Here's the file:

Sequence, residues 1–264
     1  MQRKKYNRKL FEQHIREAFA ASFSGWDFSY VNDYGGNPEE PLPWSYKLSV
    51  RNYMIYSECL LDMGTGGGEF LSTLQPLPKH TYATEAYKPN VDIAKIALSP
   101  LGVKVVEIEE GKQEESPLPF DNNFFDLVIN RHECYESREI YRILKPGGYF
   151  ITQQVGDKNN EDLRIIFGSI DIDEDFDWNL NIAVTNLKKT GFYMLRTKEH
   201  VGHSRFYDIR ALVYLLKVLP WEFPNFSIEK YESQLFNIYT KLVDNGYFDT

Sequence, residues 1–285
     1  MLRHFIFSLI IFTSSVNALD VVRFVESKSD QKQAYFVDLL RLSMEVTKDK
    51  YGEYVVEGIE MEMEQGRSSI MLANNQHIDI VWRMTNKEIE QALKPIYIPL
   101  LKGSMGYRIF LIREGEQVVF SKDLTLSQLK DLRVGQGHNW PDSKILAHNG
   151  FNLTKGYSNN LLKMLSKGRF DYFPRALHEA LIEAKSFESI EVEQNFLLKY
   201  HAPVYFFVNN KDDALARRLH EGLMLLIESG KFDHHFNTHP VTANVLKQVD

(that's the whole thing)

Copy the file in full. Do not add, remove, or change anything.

Sequence, residues 1–264
     1  MQRKKYNRKL FEQHIREAFA ASFSGWDFSY VNDYGGNPEE PLPWSYKLSV
    51  RNYMIYSECL LDMGTGGGEF LSTLQPLPKH TYATEAYKPN VDIAKIALSP
   101  LGVKVVEIEE GKQEESPLPF DNNFFDLVIN RHECYESREI YRILKPGGYF
   151  ITQQVGDKNN EDLRIIFGSI DIDEDFDWNL NIAVTNLKKT GFYMLRTKEH
   201  VGHSRFYDIR ALVYLLKVLP WEFPNFSIEK YESQLFNIYT KLVDNGYFDT

Sequence, residues 1–285
     1  MLRHFIFSLI IFTSSVNALD VVRFVESKSD QKQAYFVDLL RLSMEVTKDK
    51  YGEYVVEGIE MEMEQGRSSI MLANNQHIDI VWRMTNKEIE QALKPIYIPL
   101  LKGSMGYRIF LIREGEQVVF SKDLTLSQLK DLRVGQGHNW PDSKILAHNG
   151  FNLTKGYSNN LLKMLSKGRF DYFPRALHEA LIEAKSFESI EVEQNFLLKY
   201  HAPVYFFVNN KDDALARRLH EGLMLLIESG KFDHHFNTHP VTANVLKQVD